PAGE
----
Taxi Association Santaco is crying foul over the stringent requirements to qualify for government’s industry-wide R1.135 billion relief.
This has led to minibus-taxi operators embarking on a shutdown across Gauteng to express their dissatisfaction with the government’s COVID-19 relief measure for the industry.
The relief measure is expected to be overseen by the South African Revenue Services.
Santaco says the minibus-taxi industry has been in distress since the national lockdown came into effect over three months ago. According to the association, the R90 billion industry has lost around R25 million every day under lockdown. They say the R5000 offered by the government simply doesn’t cover their running or vehicle repayment costs.”
However, the government says it cannot afford to give the sector the R20 000 it’s demanding, given the country’s rising debt as a ratio to GDP. The association has also rejected suggestions by the government that the industry does not contribute towards the country’s taxes.
The taxi industry gives the manufacturing industry at least 7 billion a year in taxi sales buying at least 1000 a month VAT inclusive. This VAT % goes to government every year.
— SANTACO (@SA_Taxis) June 22, 2020
Santaco’s spokesperson Thabiso Molelekwa says, “The taxi association has refuted allegations the minibus sector is non-compliant with tax laws. Experts say the sector has a fleet of over R230 000 taxis and only 60 percent of them have legal operating licences. They say government’s relief to taxi operators could be the first step to formalise the industry. But, commuters were the most affected.”
Santaco says the government’s plans to formalise the sector have been confusing because every new administration introduces new requirements. But others say formalising the industry could come with benefits, such as government subsidies which will benefit commuters.
Transport Minister Fikile Mbalula said this is the right time to transform the taxi industry and has called on taxi owners to stop fighting the government and instead re-enter negotiations to fix the industry so that it can survive in a post-COVID world.
The Minister repeated that the money offered to taxi owners, which amounts to R5 000 each, is relief and not intended to compensate them for the losses they suffered during the lockdown.
Mbalula urged taxi owners not to look a gift horse in the mouth. The Minister was addressing taxi drivers in Tshwane who are participating in the countrywide strike over what they say is insufficient aid from government.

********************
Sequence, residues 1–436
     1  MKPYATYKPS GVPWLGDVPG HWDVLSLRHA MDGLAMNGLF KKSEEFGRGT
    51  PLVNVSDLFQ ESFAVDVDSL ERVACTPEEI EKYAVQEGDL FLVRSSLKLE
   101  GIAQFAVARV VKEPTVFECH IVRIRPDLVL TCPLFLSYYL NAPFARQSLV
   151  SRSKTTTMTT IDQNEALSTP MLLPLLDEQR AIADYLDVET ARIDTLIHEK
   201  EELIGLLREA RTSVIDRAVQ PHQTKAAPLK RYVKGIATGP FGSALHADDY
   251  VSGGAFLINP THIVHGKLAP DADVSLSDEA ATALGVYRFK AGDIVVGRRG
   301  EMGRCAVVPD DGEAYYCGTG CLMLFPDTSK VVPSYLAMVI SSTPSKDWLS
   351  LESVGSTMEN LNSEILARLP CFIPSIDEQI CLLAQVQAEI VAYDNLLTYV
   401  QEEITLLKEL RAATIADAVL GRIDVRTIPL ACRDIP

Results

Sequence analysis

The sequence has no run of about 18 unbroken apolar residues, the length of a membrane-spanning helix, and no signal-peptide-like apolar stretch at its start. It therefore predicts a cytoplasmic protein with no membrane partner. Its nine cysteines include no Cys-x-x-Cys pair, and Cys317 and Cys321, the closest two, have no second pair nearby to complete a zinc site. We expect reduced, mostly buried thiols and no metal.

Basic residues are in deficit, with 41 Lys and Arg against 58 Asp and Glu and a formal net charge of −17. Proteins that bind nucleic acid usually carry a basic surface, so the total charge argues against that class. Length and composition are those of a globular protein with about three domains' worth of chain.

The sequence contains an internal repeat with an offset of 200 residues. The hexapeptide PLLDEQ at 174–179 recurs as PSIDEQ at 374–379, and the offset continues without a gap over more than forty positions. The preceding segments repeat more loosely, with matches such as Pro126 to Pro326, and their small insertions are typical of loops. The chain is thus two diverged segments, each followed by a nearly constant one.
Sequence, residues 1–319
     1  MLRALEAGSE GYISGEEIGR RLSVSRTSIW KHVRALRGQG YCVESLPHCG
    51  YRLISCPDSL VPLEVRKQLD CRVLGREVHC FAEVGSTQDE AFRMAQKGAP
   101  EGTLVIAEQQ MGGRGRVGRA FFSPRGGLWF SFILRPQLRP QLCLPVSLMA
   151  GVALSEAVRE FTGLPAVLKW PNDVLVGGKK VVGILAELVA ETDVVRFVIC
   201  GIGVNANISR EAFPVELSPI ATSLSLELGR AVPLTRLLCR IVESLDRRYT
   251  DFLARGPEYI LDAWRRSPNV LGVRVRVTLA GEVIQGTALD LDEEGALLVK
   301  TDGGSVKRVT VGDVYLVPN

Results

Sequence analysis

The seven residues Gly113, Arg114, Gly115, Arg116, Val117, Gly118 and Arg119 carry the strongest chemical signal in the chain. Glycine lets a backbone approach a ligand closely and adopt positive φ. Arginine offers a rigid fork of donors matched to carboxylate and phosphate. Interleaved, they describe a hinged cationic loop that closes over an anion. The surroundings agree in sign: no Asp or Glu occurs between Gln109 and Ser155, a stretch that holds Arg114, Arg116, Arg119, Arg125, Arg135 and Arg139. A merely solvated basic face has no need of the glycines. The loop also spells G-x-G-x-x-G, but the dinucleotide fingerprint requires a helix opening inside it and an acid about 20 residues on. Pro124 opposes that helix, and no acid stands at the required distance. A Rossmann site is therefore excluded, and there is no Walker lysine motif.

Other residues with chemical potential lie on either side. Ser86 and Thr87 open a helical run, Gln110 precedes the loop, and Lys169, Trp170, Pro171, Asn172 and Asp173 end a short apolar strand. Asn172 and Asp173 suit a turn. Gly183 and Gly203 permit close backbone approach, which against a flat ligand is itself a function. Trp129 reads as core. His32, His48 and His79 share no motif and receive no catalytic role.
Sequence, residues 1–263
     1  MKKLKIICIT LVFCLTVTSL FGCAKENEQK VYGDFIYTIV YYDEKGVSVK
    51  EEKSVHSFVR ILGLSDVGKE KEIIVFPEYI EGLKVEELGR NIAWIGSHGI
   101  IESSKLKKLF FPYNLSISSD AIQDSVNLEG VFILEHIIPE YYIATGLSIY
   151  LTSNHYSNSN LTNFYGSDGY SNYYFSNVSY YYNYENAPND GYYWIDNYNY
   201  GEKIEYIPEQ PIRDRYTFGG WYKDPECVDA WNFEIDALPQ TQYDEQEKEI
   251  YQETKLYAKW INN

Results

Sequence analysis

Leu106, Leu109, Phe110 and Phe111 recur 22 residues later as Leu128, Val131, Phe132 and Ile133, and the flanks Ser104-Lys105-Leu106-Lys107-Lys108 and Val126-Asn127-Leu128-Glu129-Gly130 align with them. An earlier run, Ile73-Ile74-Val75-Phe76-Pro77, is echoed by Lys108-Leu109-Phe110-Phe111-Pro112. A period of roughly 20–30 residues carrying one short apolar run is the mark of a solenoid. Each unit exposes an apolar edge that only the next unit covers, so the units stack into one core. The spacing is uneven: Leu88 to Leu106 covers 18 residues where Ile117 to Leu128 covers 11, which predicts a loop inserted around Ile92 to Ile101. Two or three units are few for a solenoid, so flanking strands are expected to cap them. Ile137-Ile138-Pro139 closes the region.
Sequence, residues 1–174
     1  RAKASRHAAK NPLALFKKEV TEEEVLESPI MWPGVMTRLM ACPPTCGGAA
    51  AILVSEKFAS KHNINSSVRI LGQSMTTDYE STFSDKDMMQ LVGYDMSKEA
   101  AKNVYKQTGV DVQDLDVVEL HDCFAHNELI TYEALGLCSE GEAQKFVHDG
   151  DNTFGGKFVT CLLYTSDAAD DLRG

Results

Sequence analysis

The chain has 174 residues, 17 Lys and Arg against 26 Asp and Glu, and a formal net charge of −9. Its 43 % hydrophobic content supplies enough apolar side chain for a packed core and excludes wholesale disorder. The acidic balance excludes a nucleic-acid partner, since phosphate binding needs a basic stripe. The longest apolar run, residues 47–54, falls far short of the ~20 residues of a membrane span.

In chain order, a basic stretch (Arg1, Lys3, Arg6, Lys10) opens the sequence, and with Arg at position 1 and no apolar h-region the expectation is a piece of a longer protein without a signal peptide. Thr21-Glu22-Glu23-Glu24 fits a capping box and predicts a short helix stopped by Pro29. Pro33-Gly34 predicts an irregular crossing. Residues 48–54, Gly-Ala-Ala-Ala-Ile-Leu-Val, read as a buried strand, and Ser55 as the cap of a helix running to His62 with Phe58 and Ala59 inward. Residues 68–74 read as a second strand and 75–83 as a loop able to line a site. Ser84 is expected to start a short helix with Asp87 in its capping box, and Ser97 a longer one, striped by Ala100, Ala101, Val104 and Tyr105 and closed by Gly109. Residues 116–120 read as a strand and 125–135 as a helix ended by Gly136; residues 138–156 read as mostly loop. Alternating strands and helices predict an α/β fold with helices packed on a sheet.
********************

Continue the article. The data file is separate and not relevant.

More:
“The people today who have suffered it is us black people, who the majority of us are unemployed, who majority of us are using the very same taxis to go to work. Now, I need the taxi industry. They need me too. We can’t resolve our issues by fighting by closing the roads because Mbalula said government will give you R5 000. I can’t go beyond R5 000. We didn’t bring COVID-19 here. COVID-19 came from hell,” said Mbalula.
Minister Mbalula has reminded protesting taxi drivers that their industry is not the only one negatively affected by the coronavirus pandemic. He said many companies like the retail giant Edcon face massive job losses after they were forced to retrench workers due to the lockdown.
Thousands of commuters in Gauteng were left scrambling for transport as taxis halted their services on Monday.
The shutdown by the taxi association, Santaco, is an attempt to send a strong message to government to agree to their demands of R20 000 per taxi as part of COVID-19 relief funding.
“I just started a new work now. If I don’t go to work – nothing I can do. I don’t have money. I can’t walk. It’s too far. We have been affected. We knocked off late. We are being relieved by (people) from Soweto. We are security guards. People from Soweto didn’t get transport. I was offered a lift by my colleagues. I’m from Randburg. I’m also affected. I was supposed to go to work in Rosebank, and there’s nothing I can do. I don’t know what to do. I’m going back home because there are no taxis.”
— SANTACO (@SA_Taxis) June 7, 2020